How it Works

Conservation for All

Conservation for All makes it easier for families to conserve water, energy, and other natural resources. As utility bills go down, the money savings go up.

Here’s how it works. Community members like you are invited to give a gift – LED light bulbs, high-efficiency toilets, solar panels, etc – through our new Conservation for All website. We then work with low-income housing providers to use those gifts to upgrade homes to be more efficient.

By swapping out old light bulbs for new LED bulbs throughout the house, together we’ll save huge amounts of electricity. By replacing old water-wasting toilets with new WaterSense toilets, together we’ll save up to 300,000 gallons of water for each one upgraded. It’s a smart way to have a big impact. But it’s not just the environment that wins.

Low-income families often spend a large percentage of their monthly income on basic utility costs, sometimes as much as 25-50%. This is because older apartments tend to have less efficient appliances that cost more to operate. Those dollars could otherwise be spent on necessities like food, clothing, and medicine. Conservation for All can help.

It’s an innovative, scalable model with a tangible community impact. And it all starts with you, so please add your support.

Shop Conservation for All Gifts


Are gifts to Conservation for All tax deductible?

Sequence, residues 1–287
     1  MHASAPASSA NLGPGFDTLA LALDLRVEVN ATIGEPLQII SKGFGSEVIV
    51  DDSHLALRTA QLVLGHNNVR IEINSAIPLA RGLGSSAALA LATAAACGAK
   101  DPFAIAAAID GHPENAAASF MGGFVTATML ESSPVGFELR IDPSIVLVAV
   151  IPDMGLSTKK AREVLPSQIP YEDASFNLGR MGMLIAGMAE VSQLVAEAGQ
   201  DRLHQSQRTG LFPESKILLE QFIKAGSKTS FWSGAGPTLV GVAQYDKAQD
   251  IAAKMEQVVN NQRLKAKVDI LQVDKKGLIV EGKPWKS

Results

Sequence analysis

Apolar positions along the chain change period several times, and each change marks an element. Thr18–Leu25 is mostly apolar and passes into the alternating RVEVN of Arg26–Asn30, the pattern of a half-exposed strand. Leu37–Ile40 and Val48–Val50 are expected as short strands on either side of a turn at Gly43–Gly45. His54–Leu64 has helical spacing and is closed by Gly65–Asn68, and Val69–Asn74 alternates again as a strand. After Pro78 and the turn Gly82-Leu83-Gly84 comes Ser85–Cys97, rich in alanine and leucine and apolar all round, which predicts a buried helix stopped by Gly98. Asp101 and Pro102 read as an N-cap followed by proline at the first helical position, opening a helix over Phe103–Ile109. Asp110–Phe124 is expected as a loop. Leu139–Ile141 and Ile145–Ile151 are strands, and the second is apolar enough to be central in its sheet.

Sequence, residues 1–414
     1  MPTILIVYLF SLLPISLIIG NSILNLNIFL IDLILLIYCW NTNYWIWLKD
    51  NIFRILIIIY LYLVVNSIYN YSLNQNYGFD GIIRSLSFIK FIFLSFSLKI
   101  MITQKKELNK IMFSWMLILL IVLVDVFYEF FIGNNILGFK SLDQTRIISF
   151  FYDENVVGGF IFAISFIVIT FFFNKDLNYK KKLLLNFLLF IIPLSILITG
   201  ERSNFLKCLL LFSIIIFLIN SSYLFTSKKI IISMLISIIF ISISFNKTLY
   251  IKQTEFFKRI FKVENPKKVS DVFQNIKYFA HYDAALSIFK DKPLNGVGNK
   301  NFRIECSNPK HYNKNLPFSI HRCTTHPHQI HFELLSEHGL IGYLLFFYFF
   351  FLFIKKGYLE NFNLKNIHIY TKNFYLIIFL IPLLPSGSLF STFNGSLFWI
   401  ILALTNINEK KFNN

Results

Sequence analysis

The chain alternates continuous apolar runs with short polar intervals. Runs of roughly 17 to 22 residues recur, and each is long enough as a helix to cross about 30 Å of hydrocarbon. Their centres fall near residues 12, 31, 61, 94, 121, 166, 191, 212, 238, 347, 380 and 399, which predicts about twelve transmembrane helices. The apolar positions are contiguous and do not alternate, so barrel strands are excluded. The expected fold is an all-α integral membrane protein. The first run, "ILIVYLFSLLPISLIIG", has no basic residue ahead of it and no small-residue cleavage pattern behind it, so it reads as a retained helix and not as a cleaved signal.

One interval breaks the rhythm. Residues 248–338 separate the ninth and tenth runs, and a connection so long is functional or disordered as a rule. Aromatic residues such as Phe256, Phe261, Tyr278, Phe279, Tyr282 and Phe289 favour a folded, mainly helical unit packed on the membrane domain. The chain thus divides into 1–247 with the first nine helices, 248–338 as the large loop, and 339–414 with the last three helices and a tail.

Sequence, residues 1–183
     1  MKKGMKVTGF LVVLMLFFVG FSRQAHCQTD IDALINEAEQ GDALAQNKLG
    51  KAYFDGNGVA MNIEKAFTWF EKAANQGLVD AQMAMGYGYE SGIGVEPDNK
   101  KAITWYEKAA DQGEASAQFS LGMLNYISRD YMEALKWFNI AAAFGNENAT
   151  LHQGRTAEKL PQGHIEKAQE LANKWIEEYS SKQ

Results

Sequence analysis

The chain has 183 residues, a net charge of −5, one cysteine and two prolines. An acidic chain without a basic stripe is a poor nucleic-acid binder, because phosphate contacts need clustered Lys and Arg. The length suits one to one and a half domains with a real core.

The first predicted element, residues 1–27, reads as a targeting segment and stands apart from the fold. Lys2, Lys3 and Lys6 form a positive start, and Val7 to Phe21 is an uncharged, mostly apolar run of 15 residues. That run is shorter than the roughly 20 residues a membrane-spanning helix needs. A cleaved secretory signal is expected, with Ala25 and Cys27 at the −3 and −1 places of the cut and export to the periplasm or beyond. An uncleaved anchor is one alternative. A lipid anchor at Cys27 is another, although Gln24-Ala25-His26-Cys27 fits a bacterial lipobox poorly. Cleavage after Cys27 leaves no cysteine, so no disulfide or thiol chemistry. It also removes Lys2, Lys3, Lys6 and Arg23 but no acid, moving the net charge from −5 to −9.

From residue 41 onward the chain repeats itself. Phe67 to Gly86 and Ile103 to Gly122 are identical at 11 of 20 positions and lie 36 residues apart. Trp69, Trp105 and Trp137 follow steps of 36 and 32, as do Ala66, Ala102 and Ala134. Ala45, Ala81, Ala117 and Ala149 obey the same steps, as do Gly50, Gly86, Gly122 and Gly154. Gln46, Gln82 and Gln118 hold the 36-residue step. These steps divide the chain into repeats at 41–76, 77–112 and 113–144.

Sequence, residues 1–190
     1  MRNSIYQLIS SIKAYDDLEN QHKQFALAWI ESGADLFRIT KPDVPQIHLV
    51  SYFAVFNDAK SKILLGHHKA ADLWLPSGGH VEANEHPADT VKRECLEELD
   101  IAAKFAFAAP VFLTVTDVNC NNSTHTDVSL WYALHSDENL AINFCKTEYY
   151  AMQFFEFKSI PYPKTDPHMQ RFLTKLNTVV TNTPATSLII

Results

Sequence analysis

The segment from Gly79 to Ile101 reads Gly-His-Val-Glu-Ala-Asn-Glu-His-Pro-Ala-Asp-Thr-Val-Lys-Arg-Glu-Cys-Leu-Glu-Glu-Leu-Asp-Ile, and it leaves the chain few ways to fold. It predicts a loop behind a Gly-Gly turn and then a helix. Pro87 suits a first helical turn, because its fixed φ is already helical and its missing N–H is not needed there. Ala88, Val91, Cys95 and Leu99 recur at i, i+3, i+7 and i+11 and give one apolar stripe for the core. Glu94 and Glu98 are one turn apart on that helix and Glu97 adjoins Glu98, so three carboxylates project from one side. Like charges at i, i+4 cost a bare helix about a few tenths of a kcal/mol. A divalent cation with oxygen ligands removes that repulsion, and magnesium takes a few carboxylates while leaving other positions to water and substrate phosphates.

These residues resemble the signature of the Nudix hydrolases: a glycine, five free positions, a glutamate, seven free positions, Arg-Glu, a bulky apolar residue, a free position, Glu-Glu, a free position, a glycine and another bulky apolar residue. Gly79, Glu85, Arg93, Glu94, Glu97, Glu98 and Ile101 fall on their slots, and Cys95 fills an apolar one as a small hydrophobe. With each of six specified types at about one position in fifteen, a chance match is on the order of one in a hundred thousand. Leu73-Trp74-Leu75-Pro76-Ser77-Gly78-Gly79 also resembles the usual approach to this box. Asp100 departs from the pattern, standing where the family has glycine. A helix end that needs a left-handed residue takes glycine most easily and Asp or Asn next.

Yes, as part of the nonprofit Center for ReSource Conservation, a 501c3 organization, your contributions are tax deductible. Our federal tax ID number is: 84-0808982.

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After I add my support, when are the materials delivered to low-income housing authorities for installation?

Funded conservation materials such as LED lightbulbs, high-efficiency toilets, and gift cards to ReSource are delivered to housing authorities three times per year for installation into the homes of low-income families.  Complete Solar PV systems are installed by Namaste Solar on the roofs of low-income family homes for every ten solar panels purchased.

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Do low-income families pay their own water and electricity bills or are they paid by housing authorities who own the homes or condos?

It varies by home and by housing authority. When families pay their utility bills themselves, they directly benefit from lower water or electricity bills. In cases where a low-income housing authority pays the water or electricity bills for families, home efficiency upgrades help a housing authority lower its operating costs and they are able to pass along the savings.

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